We shut down society and schools, doing extraordinary harm to the lives of people — especially young people.
I’m not a lockdown sceptic, as Professor Ferguson casually described some of his critics, but I’m becoming so. And do you know why? Because I read the evidence
I’m not a lockdown sceptic, as Professor Ferguson casually described some of his critics, but I’m becoming so. And do you know why? Because I read the evidence.
Swedish chief epidemiologist Anders Tegnell has said of Imperial’s work that ‘the variables… were quite extreme… We were always quite doubtful’. While former chief epidemiologist Johan Giesecke said Ferguson’s model was ‘almost hysterical’.
In July 2021, Professor Ferguson said we could hit 200,000 daily cases — that’s where the crystal ball starts to fail. We got nowhere near 100,000.
He blamed the UEFA Football Championship for messing up his modelling because — shock horror — during the competition people went to pubs to watch matches and when the tournament finished, they didn’t. That seems to be the fundamental problem. Where reality meets models, reality steamrollers models. They cannot cope with the complexity of real life.
This winter, Imperial, the London School of Hygiene and Tropical Medicine and others predicted between 3,000 (in the best case scenario) and 5,000 daily Covid deaths. They were hopelessly inaccurate.
Dr Clive Dix, a former vaccine taskforce head, said: ‘It’s bad science, and I think they’re being irresponsible… this is just headline grabbing.’
But the tide is turning.
Oncology professor Angus Dalgleish describes [Professor] Ferguson’s modelling as ‘lurid predictions’ and ‘spectacularly wrong’.
The great Carl Heneghan, another scientist known for his fairness of comment, says ‘all ministers see now is the worst case scenario’. While Professor Brendan Wren adds ‘dodgy data and flawed forecasts have become the hallmark of much of the scientific establishment’ — what a damning quote.
I agree. What’s the result of all this? The result, as UCL’s Professor Francois Balloux notes, is a ‘loss of trust in government and public institutions for crying wolf’. That’s just it.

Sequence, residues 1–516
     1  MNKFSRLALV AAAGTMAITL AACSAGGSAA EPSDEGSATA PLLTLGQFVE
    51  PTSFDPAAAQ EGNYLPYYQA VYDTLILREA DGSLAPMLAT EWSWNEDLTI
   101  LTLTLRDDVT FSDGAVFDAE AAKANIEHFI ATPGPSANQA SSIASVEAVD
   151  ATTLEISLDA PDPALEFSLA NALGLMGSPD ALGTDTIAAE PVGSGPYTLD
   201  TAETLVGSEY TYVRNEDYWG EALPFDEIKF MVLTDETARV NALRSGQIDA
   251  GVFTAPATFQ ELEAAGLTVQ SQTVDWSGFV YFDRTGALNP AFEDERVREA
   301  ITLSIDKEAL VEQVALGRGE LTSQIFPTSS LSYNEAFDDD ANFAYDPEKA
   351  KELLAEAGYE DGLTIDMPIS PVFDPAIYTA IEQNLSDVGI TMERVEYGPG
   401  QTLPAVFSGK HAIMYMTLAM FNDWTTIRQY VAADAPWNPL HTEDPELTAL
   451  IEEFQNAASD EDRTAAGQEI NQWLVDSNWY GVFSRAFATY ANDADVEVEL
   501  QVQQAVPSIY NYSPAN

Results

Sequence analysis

In the Army we call it the ‘most dangerous course of action’ versus the ‘most likely course of action’.
Scientists and health professionals have taken the most dangerous course of action and politicians and some sections of the media have presented it as the most likely course of action.
Politicians said follow the science as a way of shutting down debate, while the defensiveness of public health decision-making only ever cost other people’s health and livelihoods.
Meanwhile, the BBC and The Guardian newspaper have been salivating on state control and a tsunami of hysteria.
Thank God for The Spectator, The Telegraph and, yes, the Daily Mail for keeping alive freedom of speech and putting an alternative which is now being vindicated.
Yes, lockdown was understandable at first but its continuation after that first summer is proving to have been a flawed decision.
So I’ve got a question for Professor Ferguson and the doomsday modellers: Why are so many of your fellow academics disputing your work and your findings?
To the BBC: why did you so rarely challenge Ferguson, the Scientific Advisory Group for Emergencies (SAGE) or independent SAGE? Why did you allow yourself to become the propaganda arm of the lockdown state?
To government: how could we have been so blinkered to think that following the science meant shutting down scientific debate?
Why did we never use other data sets in context with the British people? Why did we think it was in our nation’s interest to create a grotesque sense of fear to manipulate behaviour?
Twice in 20 years we have made errors of judgment using modelling. Never again should government rely on this glorified guesswork.
I’m sure Imperial and all these other people do the best they can — I’m very happy to state that publicly. But why has so much of their work been described — in the words of other academics — as ‘unvalidated’, ‘flawed’, ‘not fit for purpose’, ‘improbable’, ‘almost hysterical’, ‘overconfident’, ‘lurid’, ‘inflated’, ‘pessimistic’, ‘spectacularly wrong’ and ‘fraudulent’?
Bob Seely is MP for the Isle of Wight. This is an edited extract of his speech last week during a debate about scientific modelling in the pandemic.